We can do this together: Self-improvement ideas I’m trying

overthinking

Good morning! I hope you’re having a great day so far. Every once in awhile, I’d like to check-in and restate my intention for this blog. I’m just getting to know myself now at the age of 33.

I’m leaving behind the person others expected me to be.

I’m defining the person I want to be.

I’m understanding and accepting the person that I am today.

If you’re in a similar place, you’re not alone.

My greatest hope is that we can do this together. This is a safe place where we can learn, grow, and support each other as we move forward in this process. I don’t have all the answers, and what works for me won’t necessarily work for everyone. But I want to share the ideas I’m learning, and I hope that you’ll do the same (if you feel comfortable).

At the very least, this can be a positive place of inspiration that you can stop by a couple of times a week when you’re feeling heavy hearted (Or maybe just a little bored! haha).

So I’ll end with another idea I’m continually mulling over:

Is my motivation coming from shame or love? Here’s the difference and why it’s important. Success achieved from the seeds of shame never lasts. If it does last, it is unfulfilling and empty.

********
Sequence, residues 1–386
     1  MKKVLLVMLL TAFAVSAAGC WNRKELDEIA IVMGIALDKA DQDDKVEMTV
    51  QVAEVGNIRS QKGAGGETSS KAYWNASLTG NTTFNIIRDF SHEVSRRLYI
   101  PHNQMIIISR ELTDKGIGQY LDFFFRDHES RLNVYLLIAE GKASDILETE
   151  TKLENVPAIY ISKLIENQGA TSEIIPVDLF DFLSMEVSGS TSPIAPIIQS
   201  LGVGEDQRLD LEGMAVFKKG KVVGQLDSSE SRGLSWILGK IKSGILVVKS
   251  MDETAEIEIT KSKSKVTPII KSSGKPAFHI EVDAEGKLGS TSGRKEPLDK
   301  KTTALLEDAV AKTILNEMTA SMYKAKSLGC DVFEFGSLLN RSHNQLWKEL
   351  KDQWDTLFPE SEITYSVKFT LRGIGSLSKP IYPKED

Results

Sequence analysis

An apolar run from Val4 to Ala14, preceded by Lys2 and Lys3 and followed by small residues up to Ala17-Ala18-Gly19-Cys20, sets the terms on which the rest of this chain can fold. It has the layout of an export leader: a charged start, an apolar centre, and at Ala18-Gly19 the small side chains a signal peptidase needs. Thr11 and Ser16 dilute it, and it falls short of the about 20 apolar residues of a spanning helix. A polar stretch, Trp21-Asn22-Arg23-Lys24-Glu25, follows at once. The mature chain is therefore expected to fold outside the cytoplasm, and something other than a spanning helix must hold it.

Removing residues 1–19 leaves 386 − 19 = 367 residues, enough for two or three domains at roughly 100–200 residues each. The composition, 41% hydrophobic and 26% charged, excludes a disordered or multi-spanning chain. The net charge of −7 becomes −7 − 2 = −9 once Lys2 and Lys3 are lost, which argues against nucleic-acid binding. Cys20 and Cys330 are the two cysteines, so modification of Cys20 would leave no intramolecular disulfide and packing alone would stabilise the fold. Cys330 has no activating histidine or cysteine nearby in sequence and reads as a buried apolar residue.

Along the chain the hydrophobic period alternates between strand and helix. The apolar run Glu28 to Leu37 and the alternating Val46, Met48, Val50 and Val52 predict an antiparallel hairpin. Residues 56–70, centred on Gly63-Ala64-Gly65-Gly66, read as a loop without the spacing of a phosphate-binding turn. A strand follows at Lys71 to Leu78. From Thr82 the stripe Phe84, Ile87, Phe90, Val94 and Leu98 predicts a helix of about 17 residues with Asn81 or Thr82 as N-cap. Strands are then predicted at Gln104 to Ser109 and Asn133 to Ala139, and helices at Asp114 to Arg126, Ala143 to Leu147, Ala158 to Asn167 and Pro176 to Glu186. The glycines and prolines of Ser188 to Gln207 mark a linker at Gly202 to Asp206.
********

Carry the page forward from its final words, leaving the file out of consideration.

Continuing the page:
Also, I’ve got to accept my starting point (now) with true love and acceptance before I can take a step in the right direction. I’ve got to accept that I’m not perfect and the process won’t be perfect either. But every time I try, every time I choose a loving action for myself and for those around me, I’m taking a step in the right direction.

By accepting where I am now, that doesn’t mean that I’m stuck here. It just means I know where the starting line is and that I’m ok with that.

For example, I am trying to quit complaining. I didn’t realize how much complaining has become a regular part of my daily dialogue until the last month or so when I began my attempt to quit.

Sometimes, after a long discussion with my husband, I’ll berate myself for allowing a few complaints to slip through in the conversation. But berating myself isn’t going to help me complain less.

It’s ok to notice when I complain and to feel disappointed. But the idea is to come back to love. I want to stop complaining because I want to create a more positive, grateful, environment for my family and myself. I want to spread peace, not frustration and discontent. If I complain a bit along the way, out of habit or exasperation, it’s ok. I’m not perfect. But if I can bring it back to love, instead of berating myself over and over for my mistakes, the love will win out over shame every time.

Even when I’m not perfect, even when I take two steps backward. I can always start again.

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